Marx, Engels, Lenin and Mao on the Liberation of Women

She Craves Not Spring for Herself Alone

Revolutionary Worker #948, March 15, 1998

Anybody who knows anything of history knows that great social changes are impossible without the feminine ferment.
Marx to L. Kugelmann, December 12, 1868

According to the materialistic conception, the determining factor in history is, in the final instance, the production and reproduction of the immediate essentials of life. This, again, is of a twofold character. On the one side, the production of the means of existence, of articles of food and clothing, dwellings, and of the tools necessary for that production; on the other side, the production of human beings themselves, the propagation of the species. The social organization under which the people of a particular historical epoch and a particular country live is determined by both kinds of production: by the stage of development of labor on the one hand and of the family on the other.
Engels, 1884, "Preface to the First Edition,"
Origin of the Family, Private Property and the State.

The first class opposition that appears in history coincides with the development of the antagonism between man and woman in monogamous marriage, and the first class oppression coincides with that of the female sex by the male. Monogamous marriage was a great historical step forward; nevertheless, together with slavery and private wealth, it opens the period that has lasted until today in which every step forward is also relatively a step backward, in which prosperity and development for some is won through the misery and frustration of others. It is the cellular form of civilized society, in which the nature of the oppositions and contradictions fully active in that society can be already studied.
Engels, 1884, Origin of the Family,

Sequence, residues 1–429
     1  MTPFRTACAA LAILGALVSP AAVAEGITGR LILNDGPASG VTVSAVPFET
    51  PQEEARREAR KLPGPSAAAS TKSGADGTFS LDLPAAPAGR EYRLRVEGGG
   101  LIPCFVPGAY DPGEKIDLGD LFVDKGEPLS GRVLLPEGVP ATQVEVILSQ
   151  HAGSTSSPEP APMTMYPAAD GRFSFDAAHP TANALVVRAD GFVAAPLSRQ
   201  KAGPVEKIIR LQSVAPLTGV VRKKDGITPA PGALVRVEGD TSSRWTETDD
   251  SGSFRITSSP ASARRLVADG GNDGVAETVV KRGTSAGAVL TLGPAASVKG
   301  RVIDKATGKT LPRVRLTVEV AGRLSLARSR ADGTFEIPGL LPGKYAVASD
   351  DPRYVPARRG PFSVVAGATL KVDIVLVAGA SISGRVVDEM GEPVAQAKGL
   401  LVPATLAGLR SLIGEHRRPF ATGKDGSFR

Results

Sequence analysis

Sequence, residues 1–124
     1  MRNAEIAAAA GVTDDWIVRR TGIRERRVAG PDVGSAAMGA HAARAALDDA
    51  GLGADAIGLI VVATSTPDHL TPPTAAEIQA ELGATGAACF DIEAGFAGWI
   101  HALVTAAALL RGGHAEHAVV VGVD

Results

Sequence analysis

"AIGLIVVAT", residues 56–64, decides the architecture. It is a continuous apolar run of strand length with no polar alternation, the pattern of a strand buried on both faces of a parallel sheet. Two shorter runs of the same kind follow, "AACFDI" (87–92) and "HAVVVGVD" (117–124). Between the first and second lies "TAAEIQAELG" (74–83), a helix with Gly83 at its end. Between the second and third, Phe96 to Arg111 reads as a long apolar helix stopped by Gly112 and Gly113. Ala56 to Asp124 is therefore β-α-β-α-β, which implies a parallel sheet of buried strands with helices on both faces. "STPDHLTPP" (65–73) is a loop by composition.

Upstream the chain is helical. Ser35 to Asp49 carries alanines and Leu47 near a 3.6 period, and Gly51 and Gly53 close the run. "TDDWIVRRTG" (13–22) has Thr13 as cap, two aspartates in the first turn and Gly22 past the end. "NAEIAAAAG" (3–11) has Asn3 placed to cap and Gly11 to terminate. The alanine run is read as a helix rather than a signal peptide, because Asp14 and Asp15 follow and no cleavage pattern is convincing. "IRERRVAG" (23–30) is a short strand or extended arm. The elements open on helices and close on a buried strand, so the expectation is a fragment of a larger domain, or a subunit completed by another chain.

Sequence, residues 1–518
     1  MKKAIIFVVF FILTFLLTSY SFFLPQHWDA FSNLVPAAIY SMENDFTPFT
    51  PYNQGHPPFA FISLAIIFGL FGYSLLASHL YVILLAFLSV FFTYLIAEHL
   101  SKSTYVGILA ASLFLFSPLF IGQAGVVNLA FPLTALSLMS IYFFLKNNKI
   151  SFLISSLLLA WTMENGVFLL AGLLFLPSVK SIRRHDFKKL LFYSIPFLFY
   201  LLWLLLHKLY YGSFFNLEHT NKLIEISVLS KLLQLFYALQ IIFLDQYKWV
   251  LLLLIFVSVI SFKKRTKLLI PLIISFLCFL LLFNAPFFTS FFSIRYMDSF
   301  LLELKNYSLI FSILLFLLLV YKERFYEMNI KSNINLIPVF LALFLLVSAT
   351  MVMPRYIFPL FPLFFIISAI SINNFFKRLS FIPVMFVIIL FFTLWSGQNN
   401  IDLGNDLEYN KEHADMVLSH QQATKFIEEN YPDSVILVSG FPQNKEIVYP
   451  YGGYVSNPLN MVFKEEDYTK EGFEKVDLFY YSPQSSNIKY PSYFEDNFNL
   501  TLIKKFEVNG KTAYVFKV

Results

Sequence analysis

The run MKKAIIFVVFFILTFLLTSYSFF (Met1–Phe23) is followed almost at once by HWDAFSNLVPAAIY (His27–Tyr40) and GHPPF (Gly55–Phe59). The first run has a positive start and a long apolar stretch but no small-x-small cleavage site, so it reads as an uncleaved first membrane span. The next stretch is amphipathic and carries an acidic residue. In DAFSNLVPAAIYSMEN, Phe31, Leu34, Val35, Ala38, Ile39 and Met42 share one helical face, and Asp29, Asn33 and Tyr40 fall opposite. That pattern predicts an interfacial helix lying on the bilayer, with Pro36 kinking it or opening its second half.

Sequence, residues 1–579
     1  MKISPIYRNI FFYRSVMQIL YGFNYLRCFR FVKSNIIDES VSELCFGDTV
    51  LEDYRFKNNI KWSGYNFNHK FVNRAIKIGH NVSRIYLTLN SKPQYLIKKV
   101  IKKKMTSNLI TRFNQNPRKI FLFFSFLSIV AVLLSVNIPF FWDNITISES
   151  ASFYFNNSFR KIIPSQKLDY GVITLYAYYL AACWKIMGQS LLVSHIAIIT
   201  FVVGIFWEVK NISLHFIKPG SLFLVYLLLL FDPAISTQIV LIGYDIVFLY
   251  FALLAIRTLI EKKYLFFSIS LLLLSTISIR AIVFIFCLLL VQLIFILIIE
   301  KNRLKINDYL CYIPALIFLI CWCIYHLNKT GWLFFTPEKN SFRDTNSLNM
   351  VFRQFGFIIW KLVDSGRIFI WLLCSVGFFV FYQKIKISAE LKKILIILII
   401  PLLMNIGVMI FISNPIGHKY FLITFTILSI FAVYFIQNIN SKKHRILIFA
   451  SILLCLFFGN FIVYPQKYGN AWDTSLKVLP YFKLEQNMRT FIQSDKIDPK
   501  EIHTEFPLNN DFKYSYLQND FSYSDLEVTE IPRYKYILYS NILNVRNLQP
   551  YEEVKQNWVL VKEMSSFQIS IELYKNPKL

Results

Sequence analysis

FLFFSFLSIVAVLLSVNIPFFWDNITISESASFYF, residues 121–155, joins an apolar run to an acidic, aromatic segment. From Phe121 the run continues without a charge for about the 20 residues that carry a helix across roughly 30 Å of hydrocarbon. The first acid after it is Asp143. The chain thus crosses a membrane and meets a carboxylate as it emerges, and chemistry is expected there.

Private Property, and the State

What is the method of synthesis? Is it possible that primitive society can exist side-by-side with slave-holding society? They do exist side-by-side, but this is only a small part of the whole. The overall picture is that primitive society is going to be eliminated. The development of society, moreover, takes place by stages; primitive society, too, is divided into a great many stages. At that time, there was not yet the practice of burying women with their dead husbands, but they were obliged to submit themselves to men. First men were subject to women, and then things moved towards their opposite, and women were subject to men. This stage in history has not yet been clarified, although it has been going on for a million years and more. Class society has not yet lasted 5,000 years.... In a word, one devours another, one overthrows another, one class is eliminated, another class rises, one society is eliminated, another society rises....Socialism, too, will be eliminated, it wouldn't do if it were not eliminated, for then there would be no communism. Communism will last for thousands and thousands of years. I don't believe that there will be no qualitative changes under communism, that it will not be divided into stages by qualitative changes: I don't believe it!